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Our Engagement

July 25, 2012

As I compile and edit Don’s writings, I am getting to know him afresh. During our courting days, we met almost every day after work at the bar of The Hay-Adams (hotel). I read his account about our engagement.

Then came July 25, 1979. The usual Hay-Adams martinis with Bombay gin, extraordinarily dry, were in our hands, and the playful words crossed between us, flying like a ping pong ball over the table, with speed and ferocity. I heard myself saying, “Here I am trying to ask you if you can think of one good reason why we shouldn’t get married and you’re sitting there insulting me.” “What did you say? Can you rephrase the question in a normal way?” said Dai Sil. “Will you marry me?” I said. “Sure,” she said.

Yes, that’s how we got engaged in a bar. And we learned  about each other every day–new and unexpected stuff.  Don writes about one of those.

Don and Dai Sil, Courting

During most of the time we dated, I never really focused that much on Dai Sil as a Korean-American, even though we talked a great deal about her early life. But it certainly made a big impression when she told me how scared she was to inform her father that we were getting married. I thought to myself, Dai Sil, the fearless rebel, afraid to tell her father about her engagement at age forty-one to a white guy? Well, yeah, white guy could be a challenge. It gave me a whole new perspective about our relationship. It meant I needed to prepare myself to get to know her folks who, I now knew, must be different from mine, not just in terms of ethnicity and race, but also class. Because by that time, I had learned that she came from a wealthy family of landlords who ran a flourishing business in northern Korea, at least until August 1945. That’s not the background I came from, not by a long shot. For my part, I had told my family via phone, and as far as I was concerned, that took care of it, but Dai Sil thought we needed to go to Iowa to introduce her to my parents.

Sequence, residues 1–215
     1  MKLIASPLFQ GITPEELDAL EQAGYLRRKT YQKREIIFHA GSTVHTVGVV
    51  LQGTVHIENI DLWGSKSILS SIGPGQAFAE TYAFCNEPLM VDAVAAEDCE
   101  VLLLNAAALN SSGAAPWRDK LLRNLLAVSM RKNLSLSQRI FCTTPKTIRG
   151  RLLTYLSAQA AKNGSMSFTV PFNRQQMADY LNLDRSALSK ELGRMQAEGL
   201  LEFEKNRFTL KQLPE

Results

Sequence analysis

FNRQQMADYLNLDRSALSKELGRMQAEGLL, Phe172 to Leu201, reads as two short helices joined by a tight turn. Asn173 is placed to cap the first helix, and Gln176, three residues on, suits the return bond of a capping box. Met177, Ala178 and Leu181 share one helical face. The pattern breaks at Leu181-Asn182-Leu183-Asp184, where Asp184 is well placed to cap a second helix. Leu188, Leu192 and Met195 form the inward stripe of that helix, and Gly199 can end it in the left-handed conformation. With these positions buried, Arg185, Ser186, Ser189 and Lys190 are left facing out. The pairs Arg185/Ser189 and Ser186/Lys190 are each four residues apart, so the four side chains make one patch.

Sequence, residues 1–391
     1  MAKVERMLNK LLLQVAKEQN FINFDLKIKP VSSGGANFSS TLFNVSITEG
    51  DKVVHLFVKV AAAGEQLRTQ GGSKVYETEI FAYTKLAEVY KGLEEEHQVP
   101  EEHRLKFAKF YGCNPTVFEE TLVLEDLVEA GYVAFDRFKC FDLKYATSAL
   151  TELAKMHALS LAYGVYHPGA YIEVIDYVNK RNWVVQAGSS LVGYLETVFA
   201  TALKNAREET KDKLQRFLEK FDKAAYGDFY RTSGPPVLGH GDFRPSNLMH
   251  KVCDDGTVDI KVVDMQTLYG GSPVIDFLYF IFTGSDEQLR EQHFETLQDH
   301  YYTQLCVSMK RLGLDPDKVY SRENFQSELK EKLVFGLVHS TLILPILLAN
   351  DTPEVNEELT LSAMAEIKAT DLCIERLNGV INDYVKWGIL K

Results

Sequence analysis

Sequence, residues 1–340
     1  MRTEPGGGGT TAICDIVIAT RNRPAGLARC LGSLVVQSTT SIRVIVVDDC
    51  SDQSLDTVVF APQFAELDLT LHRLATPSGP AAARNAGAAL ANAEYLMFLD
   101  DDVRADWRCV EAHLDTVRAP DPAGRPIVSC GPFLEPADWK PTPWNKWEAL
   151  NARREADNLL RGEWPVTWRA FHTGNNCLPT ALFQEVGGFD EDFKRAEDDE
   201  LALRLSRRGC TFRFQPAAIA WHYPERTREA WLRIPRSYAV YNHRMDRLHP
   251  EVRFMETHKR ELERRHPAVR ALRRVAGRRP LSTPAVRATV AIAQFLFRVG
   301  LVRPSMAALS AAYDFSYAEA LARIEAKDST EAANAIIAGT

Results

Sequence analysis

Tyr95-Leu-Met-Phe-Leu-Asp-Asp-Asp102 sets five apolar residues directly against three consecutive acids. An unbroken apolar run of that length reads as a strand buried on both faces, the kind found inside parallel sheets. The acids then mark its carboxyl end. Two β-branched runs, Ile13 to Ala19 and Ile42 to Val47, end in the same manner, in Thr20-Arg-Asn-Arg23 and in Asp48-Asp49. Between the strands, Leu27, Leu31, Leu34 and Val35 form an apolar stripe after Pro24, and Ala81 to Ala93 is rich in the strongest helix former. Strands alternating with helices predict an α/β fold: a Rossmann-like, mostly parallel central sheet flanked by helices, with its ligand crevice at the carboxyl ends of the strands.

And indeed we drove to Iowa that summer of 1979. My eyes blur with tears, as I read what he wrote about that trip and come to the memory of my most shameful behavior. A few miles away from his parents’ home, Don pulled into a gas station, mumbling that the car needed gas. But he had other things on his mind.

I recall vividly pulling the car into a gas station a few miles from our destination on the pretext of filling it up. I shared my misgivings with Dai Sil about my family’s attitude toward non-Caucasians and tried to caution her not to take it personally. Her response is etched in my memory. “Who do they think they are? They are tenant farmers. My father used to own hundreds of them!” I was momentarily taken aback. My wife-to-be was expressing class discrimination against my family! I closed my eyes for a long minute trying to ensure that my reason would prevail over anger. Silently, I pulled out of the gas station and drove the few remaining miles to my parents’ house. During that time, neither of us uttered any words.

Till this day, I feel ashamed for my behavior, simultaneously being grateful for Don. He was such a decent man. He was a hundred times better than I was. I miss him.

P.S. Iowa Sky is scheduled for publication in January, 2013.

 

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One Comment
  1. So much love and pain in these memories.

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